This yoga pose is said to be the “remedy for everything.” When it comes to sleep issues, it may help in relieving physical stress and tension that has accumulated due to standing up or sitting down all day. While lying down in bed, put your legs against the wall. The key here is that your hips should touch the wall. You can also raise your hips with pillows and blankets. If you are using support under your hips like a blanket, it should create space between your body and the floor or bed. Your arms can rest at your sides. Enjoy this relaxing pose for a couple of minutes.
For this calming breathing exercise, fold the index and middle fingers of your dominant hand together and put them against your palm. Using your right thumb, close your right nostril and inhale from the other one. Then close the left nostril with your ring and pinky finger and exhale from the right one. Now, inhale again with the same nostril that you just exhaled from, without moving your hand. You should change your hand after you inhale and exhale once per nostril. You can repeat this sequence ten times. If you can’t breathe through one of your nostrils, you can try pulling your cheek softly with your other hand. While this exercise helps with allergies and colds, you can also practice it for meditation.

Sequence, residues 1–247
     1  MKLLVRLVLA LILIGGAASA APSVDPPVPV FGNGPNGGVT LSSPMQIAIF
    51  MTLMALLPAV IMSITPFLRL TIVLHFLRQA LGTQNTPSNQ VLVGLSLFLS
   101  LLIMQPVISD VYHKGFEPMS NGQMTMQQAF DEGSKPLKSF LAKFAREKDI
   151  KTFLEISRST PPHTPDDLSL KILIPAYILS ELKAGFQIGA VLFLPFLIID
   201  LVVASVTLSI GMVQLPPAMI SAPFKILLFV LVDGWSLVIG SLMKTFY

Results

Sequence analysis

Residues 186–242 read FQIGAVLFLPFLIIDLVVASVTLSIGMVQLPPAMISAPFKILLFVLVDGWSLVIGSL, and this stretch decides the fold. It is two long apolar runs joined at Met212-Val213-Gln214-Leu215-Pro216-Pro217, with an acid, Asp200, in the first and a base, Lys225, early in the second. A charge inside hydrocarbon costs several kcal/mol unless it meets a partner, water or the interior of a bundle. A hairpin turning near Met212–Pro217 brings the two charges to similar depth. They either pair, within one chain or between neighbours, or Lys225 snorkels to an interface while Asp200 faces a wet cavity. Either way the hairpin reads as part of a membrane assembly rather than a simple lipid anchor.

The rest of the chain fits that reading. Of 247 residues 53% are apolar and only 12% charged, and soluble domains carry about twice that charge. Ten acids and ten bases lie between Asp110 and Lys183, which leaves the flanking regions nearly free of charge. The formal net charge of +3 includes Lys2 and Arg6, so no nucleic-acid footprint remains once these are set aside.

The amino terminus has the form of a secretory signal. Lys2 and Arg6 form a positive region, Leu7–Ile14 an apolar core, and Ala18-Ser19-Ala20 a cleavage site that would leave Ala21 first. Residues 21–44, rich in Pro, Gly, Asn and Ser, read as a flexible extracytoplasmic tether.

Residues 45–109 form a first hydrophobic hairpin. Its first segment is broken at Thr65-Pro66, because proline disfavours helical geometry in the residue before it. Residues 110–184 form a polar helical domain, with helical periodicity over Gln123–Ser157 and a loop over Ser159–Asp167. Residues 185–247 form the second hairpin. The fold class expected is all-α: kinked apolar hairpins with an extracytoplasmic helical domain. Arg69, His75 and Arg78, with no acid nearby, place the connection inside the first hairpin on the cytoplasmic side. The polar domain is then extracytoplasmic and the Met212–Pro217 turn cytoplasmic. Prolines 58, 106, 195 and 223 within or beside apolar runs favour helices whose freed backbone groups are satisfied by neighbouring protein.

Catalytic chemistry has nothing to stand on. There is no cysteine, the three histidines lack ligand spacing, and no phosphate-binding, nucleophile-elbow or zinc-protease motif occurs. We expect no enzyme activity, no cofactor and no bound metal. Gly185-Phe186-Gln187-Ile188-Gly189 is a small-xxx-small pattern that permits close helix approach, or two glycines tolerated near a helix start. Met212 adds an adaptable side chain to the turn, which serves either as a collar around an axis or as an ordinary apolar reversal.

One last extra note: Burning incense with a strong scent before we go to sleep may affect our breathing quality. However, a few hours before we go to bed, we can use relaxing essential oils in a censer or incense burner, or we can apply massage oils or lotions. Don’t forget to ventilate the room!
After trying this sequence, you can change the order of the exercises however you wish. Do you have your own pre-sleep routine or any techniques that help you fall asleep? We would love to hear from you if you practice this routine or if you have any pointers of your own! Please share with us in the comments.
Translated by: Damla Saydam Çizme